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We stopped to use the outhouses before walking the last 500 metres to the monument and I had a bit of a mishap. Right after I used the outhouse I was using my hand sanitizer and when I snapped the lid closed, it shot a big glob of hand sanitizer right into my eye! It burned so bad. I immediately screamed out, likely terrifying all of the other Guiders into thinking there was a bear, but quickly communicated I’d gotten hand sanitizer in my eye, which brought the first aider running. If you’re ever going to get injured in the wilderness – do it with a group of Guiders, they are the most prepared people in world.

Our first aider had me lying on the ground in no time while she poured a steady stream of water into my eye. It worked at flushing my eye out, but what surprised me what how long she had to do this. She flushed my eye for about 10 minutes before I felt I was okay to go on. We finished the walk to Monument 78, snapped some photos, and then she flushed it for another 5 minutes while the rest of the group walked back to the camp for lunch. After that it seemed we had flushed it enough and fortunately it didn’t bother me any further. The things that can happen to you in the backcountry are just so random!

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We ate lunch next to the river and soaked our feet in the water. It was freezing, but it was a pretty hot day and it while it was a bit numbing, it was also refreshing. The rest of the hike was pretty uneventful. It was mostly uphill on the way back and since we had such varying abilities in the group, we decided to split in two. I went ahead back to the campsite. Some of us were toying with the idea of going back to do the Windy Joe lookout that we had skipped, but decided to wait for the rest of the group at camp first. We sat down for a few snacks and noticed that some pretty foreboding looking clouds were moving in. It started to look like it might rain, so we secured the camp, making sure everything was tucked away where it wouldn’t get wet.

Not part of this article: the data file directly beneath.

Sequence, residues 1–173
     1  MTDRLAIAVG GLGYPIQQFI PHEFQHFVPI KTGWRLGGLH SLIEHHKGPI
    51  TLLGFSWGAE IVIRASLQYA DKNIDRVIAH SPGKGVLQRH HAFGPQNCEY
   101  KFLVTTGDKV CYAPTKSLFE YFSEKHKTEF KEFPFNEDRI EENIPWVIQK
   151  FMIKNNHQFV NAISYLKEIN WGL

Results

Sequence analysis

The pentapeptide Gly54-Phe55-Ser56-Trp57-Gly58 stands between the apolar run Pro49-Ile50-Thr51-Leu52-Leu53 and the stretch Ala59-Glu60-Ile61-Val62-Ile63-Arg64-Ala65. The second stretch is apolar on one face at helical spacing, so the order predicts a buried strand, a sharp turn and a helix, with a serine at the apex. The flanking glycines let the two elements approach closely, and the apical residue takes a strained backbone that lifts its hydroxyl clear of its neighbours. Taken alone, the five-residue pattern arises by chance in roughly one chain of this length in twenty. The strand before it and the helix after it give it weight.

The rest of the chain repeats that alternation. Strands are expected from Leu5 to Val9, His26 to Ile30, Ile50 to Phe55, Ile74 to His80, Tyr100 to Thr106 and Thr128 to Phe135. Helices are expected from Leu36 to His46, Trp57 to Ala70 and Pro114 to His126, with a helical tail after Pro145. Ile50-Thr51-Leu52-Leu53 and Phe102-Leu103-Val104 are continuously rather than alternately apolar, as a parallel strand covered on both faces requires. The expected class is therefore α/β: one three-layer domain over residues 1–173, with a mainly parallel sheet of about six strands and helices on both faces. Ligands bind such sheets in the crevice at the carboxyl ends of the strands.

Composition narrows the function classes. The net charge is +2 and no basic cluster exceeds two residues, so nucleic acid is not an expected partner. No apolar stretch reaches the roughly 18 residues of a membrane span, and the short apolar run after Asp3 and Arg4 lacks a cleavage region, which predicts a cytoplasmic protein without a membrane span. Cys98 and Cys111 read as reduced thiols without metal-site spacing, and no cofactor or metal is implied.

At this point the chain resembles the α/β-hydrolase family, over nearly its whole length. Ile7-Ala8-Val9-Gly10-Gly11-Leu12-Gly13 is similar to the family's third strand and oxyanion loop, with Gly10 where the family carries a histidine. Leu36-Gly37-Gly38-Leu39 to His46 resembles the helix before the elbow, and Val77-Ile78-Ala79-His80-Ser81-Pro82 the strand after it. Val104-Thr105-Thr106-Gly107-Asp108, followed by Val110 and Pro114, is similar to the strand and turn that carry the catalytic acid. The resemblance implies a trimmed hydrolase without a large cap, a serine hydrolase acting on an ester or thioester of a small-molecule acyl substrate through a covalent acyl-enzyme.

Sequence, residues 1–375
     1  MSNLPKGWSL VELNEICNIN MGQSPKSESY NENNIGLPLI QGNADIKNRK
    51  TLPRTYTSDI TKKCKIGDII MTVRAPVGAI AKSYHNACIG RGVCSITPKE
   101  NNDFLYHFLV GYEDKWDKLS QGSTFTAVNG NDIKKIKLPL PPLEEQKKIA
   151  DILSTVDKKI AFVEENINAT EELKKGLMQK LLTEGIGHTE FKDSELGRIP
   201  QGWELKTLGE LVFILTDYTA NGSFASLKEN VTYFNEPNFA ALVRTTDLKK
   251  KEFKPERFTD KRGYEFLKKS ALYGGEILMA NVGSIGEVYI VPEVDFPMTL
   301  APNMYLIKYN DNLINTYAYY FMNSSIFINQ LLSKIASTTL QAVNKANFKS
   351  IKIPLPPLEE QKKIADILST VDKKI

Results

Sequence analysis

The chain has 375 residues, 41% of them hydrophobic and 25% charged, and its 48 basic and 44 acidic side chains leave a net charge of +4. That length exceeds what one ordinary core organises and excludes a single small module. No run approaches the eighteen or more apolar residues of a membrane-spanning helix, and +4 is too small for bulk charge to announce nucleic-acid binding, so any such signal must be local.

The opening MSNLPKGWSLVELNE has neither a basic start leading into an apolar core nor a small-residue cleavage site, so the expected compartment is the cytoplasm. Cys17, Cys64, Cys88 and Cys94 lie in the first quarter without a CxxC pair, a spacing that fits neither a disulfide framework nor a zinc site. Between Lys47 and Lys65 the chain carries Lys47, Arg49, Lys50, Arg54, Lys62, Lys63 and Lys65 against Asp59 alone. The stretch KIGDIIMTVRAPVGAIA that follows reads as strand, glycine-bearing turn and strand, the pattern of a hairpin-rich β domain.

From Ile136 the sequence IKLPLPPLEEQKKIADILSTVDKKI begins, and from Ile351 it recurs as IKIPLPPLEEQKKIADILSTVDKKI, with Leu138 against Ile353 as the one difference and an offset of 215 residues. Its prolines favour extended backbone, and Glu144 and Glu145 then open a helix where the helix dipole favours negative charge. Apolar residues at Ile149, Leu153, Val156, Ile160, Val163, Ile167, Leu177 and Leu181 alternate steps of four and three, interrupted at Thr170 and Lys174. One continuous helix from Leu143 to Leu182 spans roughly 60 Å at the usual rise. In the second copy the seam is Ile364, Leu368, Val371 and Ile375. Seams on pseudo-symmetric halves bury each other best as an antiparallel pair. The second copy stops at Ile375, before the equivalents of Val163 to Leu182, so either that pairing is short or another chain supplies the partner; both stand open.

The rest of the group showed up just before it started raining, which was lucky because once it started it was like the clouds just let loose and it started torrentially pouring on us. We had brought 2 tarps with us, so we quickly put them up to huddle under. This was my first time really getting caught in a mountain storm and it was another good lesson in always being prepared. I’ve been out hiking in the rain before, but it was amazing how this storm came out of nowhere. The rain switched to hail for a bit in the middle and we were relieved to have shelter. A few groups showed up while it was raining and they were just drenched to the skin. They started trying to put their tent up, but we advised them to wait it out rather than risk getting everything else wet. It was the right call because as fast as it started to rain, it let up and the dark clouds moved on. All in all it was probably about of hour of rain, but boy was it a lot of water. The sun came out soon after though and it was almost like the whole thing never happened.